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From Alexander Klimetschek <aklim...@day.com>
Subject Re: [jr3] Wrapped intelligent objects
Date Wed, 17 Feb 2010 21:57:24 GMT
On Wed, Feb 17, 2010 at 21:58, Johann Sorel <johann.sorel@geomatys.com> wrote:
> Sorry to kick in the discussion, I made an implementation of JCR last
> septembre for our geographic information system.
> While doing it I found one annoying point in the current specification.
> If you can take a minute to read the following.
> As you know all, jcr is designed to manage datas of basic types : double,
> string, boolean, stream ...and so on.
> That solves most needs for any kind of storage system. But in some cases
> like ours we also store what I would
> call "intelligent" objects, like mathematic functions, coordinate systems ,
> objects that have more then just properties
> fields, they have capabilities (methods to make it simple).
> I believe most of you have already made a bit of Swing before, there is a
> class MutableTreeNode with a getUserObject()
> method used to retrieve the real object hiden behind the node.
> My suggestion would be to have a similar approach in JCR. something like
> unwrap() to acces the intelligent object on the node
> if there is one of course.
> JCR is great but infortunatly we seen that we can do nothing else then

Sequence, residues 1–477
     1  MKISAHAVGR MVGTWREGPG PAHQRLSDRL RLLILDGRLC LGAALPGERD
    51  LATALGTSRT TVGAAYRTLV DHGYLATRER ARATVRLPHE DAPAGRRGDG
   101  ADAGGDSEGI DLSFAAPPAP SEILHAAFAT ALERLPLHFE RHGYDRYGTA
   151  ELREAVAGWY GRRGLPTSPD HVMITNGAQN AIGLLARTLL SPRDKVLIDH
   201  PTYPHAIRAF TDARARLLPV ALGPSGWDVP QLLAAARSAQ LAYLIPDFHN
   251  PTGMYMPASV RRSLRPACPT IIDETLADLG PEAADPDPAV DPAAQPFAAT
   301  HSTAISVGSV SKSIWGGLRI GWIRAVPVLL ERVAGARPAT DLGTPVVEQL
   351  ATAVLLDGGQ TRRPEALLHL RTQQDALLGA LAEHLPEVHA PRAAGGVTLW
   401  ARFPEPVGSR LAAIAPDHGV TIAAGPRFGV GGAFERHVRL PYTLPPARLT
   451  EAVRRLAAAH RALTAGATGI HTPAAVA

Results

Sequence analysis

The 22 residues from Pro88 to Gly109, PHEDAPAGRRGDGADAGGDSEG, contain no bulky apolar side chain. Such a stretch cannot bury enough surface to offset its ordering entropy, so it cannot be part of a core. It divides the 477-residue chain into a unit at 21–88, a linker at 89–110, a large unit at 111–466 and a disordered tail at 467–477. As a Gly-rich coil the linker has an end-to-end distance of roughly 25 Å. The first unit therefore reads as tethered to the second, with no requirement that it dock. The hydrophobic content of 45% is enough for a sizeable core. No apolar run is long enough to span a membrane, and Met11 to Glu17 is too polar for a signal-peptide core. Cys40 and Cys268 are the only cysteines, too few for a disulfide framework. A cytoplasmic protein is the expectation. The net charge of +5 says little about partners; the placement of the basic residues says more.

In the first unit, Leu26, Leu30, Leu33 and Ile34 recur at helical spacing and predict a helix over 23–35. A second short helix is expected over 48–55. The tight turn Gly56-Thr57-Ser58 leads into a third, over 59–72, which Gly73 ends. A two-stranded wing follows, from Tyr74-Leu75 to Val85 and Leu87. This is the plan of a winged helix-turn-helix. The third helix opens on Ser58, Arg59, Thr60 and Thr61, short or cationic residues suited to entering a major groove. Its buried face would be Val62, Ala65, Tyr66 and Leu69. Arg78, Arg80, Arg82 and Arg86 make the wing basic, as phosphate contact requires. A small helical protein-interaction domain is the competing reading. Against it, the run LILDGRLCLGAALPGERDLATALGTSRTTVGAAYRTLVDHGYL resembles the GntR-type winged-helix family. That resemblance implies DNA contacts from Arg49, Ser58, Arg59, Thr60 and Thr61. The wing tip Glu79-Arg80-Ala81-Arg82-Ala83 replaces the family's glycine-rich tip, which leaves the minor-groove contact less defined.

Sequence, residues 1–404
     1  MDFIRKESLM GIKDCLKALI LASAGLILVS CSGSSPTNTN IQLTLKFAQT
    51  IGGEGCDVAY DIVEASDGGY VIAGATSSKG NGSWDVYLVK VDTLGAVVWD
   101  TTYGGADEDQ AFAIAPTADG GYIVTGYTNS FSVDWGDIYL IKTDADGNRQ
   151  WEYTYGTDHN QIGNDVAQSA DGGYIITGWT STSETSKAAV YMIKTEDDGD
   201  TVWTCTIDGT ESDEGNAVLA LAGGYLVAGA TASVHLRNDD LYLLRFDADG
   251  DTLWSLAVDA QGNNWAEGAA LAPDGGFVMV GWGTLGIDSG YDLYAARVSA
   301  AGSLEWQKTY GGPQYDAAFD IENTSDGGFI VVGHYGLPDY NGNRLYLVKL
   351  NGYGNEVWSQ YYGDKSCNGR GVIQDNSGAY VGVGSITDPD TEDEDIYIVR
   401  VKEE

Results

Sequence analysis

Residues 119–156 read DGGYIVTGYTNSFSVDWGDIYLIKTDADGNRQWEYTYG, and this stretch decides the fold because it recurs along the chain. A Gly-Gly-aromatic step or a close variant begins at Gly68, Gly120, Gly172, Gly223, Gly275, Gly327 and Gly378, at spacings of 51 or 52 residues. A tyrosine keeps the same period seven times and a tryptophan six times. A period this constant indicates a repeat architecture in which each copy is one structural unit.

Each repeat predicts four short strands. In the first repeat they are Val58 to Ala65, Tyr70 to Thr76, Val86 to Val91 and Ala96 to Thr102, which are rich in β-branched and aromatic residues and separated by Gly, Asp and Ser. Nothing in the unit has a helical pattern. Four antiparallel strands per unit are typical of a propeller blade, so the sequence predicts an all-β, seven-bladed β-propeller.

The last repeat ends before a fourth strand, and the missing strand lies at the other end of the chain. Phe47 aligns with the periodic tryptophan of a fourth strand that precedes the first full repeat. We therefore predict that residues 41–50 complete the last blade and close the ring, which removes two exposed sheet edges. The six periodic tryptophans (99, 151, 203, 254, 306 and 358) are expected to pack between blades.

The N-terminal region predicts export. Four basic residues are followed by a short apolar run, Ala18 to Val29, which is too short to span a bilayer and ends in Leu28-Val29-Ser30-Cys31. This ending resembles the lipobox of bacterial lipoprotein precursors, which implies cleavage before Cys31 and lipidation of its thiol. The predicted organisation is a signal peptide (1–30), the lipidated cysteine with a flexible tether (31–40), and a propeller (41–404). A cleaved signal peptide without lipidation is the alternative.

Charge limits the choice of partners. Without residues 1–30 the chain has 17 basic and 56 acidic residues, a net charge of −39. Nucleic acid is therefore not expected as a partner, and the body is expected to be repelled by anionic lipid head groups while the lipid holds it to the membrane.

> copying informations, make statistics or search based on properties.
> Which is mostly useless for us. We need to be able to access the objects
> hidden behind the nodes,
> objects that follow whatever else specification (GeoAPI specification in our
> case) so that we can work with them.
> I hope you see the point here.

Did you try Object Content Mapping (OCM) with JCR (eg. Jackrabbit OCM)?

In the end, the objects you want to store have fields that boil down
to the basic properties (and if sth doesn't fit well, there is always
string, which can be searched). Real object databases would be close
to what you have in mind, but they always have the advantage that the
data and fields/properties are not very visible, ie. there are no
generic, standardized ways to look at the data, independent from the
specific programming language they are designed for.


Alexander Klimetschek

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